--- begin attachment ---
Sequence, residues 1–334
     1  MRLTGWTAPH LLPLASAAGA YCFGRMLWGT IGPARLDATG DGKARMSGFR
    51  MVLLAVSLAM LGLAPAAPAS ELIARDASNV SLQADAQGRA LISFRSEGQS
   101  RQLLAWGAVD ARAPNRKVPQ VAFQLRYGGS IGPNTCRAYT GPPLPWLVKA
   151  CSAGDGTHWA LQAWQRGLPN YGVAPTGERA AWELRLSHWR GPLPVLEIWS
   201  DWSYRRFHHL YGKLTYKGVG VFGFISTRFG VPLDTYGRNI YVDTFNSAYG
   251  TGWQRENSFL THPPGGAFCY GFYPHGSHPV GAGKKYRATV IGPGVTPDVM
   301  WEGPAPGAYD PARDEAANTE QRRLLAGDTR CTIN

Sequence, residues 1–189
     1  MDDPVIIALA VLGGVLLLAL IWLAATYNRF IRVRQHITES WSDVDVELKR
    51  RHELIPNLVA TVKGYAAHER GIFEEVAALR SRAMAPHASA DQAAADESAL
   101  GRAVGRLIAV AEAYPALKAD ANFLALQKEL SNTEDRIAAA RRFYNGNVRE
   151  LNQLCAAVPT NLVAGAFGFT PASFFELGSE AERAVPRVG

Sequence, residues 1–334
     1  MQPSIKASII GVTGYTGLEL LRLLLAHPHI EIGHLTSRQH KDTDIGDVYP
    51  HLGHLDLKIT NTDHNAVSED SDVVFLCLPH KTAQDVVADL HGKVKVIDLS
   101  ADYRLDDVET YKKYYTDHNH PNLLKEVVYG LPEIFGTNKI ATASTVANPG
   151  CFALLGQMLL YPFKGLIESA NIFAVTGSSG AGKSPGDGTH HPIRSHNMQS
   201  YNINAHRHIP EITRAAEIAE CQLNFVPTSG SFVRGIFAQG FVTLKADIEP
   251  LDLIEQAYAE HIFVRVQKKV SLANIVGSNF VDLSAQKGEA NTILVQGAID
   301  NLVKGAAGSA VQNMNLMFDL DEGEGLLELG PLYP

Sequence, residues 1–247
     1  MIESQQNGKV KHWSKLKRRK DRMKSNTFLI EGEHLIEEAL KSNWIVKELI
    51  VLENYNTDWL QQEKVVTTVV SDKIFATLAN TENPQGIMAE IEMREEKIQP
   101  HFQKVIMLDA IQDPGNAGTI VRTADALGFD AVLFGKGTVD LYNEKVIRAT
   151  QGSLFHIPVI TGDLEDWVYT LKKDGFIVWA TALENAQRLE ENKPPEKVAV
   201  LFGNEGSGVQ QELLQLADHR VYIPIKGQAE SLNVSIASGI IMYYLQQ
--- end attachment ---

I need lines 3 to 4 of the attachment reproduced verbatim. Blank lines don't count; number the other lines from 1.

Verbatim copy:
    51  MVLLAVSLAM LGLAPAAPAS ELIARDASNV SLQADAQGRA LISFRSEGQS
   101  RQLLAWGAVD ARAPNRKVPQ VAFQLRYGGS IGPNTCRAYT GPPLPWLVKA